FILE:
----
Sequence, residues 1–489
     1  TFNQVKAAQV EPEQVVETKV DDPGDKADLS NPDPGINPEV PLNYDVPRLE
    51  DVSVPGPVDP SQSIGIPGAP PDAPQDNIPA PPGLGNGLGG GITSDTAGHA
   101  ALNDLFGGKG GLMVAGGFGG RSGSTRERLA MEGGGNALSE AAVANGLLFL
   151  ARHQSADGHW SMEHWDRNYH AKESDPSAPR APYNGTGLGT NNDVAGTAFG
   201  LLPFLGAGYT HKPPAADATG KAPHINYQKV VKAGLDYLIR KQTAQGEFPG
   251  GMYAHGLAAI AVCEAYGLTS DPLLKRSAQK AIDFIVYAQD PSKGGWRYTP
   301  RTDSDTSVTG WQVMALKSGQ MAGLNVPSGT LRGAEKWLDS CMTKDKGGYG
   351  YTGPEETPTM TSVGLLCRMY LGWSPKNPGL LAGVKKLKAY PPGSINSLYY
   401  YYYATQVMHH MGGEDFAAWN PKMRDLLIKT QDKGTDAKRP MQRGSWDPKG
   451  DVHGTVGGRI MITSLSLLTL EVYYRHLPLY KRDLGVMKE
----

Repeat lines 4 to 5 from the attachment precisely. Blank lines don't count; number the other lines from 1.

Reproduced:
   101  ALNDLFGGKG GLMVAGGFGG RSGSTRERLA MEGGGNALSE AAVANGLLFL
   151  ARHQSADGHW SMEHWDRNYH AKESDPSAPR APYNGTGLGT NNDVAGTAFG